It’s been a long time since I’ve been so unhappy. A long time since being unable to muster some inner fortitude and commence with my work. A Pythagorean Traveler, a lengthy poem so close to completion, languishes atop a pile of the discarded work that once sustained and entertained me. Journals pile with an accusing air. No, not even accusing. Fading. Their creator lurks, pressing against walls, alternately traitor or just not so swaggering, flat empty. How weak I am, I tell my reflection, mourning the muse, thinking of Mother Theresa suffering for the want of the voice of Jesus. In the beginning he whispered in her small ear, breathing missions of service into her ecstatic being. Then one day his voice disappeared. Still she bore the suffering of loneliness that chipped into her monumental faith, even as she rescued the sick and dying cradled them in her arms. She stoically did her work as bidden, even when feeling herself forsaken, dead within.
In the time of the pandemic I suffer nothing save the sting of a global claustrophobia. The nomadic heart is breaking, not for want of another, but the atmosphere of elsewhere. Being on the move, touring with my band or on my own, roving from hotel to hotel, café to café. Paris, Nice, Lisbon, Berlin; drawing words, a few days of solitude by a circular lake. A morning roam with notebook in pocket, passing through a small zoo with two shivering bison, their massive heads down, an ancient sorrow written on the plane of their faces. And suddenly seven peacocks, their fans shimmering like the flowering trees in Chernobyl. Each bloom a portrait of unholy radiance, each pistil breathing the name of a child afflicted with the crystal syrup of radiation. It’s on their breakfast cake and in their atomic milk, glowing as a glass offered to a suspicious heroine.
I sit at my desk drifting toward an imagined Hitchcock scenario, watching her tread barefoot through the narrow halls, approaching a winding staircase in a filmy dressing gown.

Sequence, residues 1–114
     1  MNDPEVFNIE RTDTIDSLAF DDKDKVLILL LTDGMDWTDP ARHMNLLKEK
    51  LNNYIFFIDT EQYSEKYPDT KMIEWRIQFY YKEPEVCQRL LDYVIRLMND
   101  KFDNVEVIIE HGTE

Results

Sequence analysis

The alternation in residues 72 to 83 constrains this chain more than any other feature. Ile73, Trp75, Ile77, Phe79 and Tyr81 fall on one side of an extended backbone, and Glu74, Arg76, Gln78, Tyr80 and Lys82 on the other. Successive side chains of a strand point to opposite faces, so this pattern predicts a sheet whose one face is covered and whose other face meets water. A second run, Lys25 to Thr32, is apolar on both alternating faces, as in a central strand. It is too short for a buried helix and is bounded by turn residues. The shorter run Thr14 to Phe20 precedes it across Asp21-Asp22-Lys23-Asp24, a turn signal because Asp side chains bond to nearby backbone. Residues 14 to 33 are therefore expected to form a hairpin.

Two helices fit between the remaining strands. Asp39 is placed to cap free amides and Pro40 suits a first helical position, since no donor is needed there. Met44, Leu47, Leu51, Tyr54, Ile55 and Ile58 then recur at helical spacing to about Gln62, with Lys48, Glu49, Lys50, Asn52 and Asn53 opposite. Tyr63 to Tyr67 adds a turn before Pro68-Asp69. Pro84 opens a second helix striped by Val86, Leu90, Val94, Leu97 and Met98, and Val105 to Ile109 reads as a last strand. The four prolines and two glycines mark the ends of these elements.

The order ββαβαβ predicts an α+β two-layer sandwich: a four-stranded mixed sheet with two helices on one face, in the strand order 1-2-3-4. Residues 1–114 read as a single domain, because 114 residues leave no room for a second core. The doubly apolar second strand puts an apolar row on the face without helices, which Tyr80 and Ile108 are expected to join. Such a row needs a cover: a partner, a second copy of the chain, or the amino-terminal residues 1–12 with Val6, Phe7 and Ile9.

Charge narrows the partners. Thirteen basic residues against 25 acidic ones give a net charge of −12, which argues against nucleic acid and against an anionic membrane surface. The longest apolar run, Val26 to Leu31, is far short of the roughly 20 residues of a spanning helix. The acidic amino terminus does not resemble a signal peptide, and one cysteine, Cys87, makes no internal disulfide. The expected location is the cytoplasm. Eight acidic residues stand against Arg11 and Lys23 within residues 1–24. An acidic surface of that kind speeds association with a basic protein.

-I am nothing, she whispers.
A Marion Cotillard kind of beauty, playing the part of Duchamp’s mistress, in silks descending the stairs, operating from the edge of ecstatic desperation. Her downward spiral is etched on a massive glass plate, broken, frozen, forever scarred.
-I could write a story for you, she laughs.
The Director steps forward.
-Don’t come closer, she says. I’ll use it I swear.
She has gone off script. It’s not a gun, nor the shape of a gun; it’s a glass of milk tainted by the liquid pollen of a radioactive wood. It’s a curving petal scented with death, illuminated by droplets of water infected by sun.
Somehow, I too have gone off script, momentarily penetrating a membrane, an entrance to a half world I know well. The modern noir. I have to remember to remove my mask in order to drink my coffee, feeling self-conscious as I do, as if committing a small offense that I will pay for later. I feel tired, another dull headache setting in. A fleeting thought, the virus, have I got it? And if I do, what then? Drink vast amounts of water, self-monitor cell by cell. Enter another world where parallel staircases lead to a posterior opening to a bright field where in the distance someone waits, a silhouette of one from visitations in dream, comforting and strange. I recognize my father, who I once loved more than anyone, soon joined by my brother, then my mother and several others. They offer the new, not merely the realm of the dead or shared memory, but an imaginative energy revitalizing what we call heaven.
The paschal full moon rises, a super moon it is said. The night is clear and the light pours through my skylight. I read the passages on Passover in each of the Gospels and perform my own small ritual—a small cup of port and dry bread broken in three parts. This is my body/ This is my blood/ Here is my body/ Here is my blood.
I consider what drew the apostles and Christ together in the upper room. Not solely to share a traditional observance of their faith but a revelation they had not anticipated, too beautiful and terrible to imagine. The announcement of betrayal and the passing of a Cup holding the blood of a New Covenant, with its pillars of love, sacrifice, and forgiveness. A moment powerfully expressed in a mural by Leonardo Da Vinci, on the wall of the Convent of Santa Maria Delle Grazie in Milan.
In my room the ritual is performed in remembrance of him; the dry bread and wine consumed. The moon knows nothing of this, despite having played its part, directing the calendar through the centuries with its fullness. And what does anyone know of Christ? He was a man yet of God, and God is nothing and everything.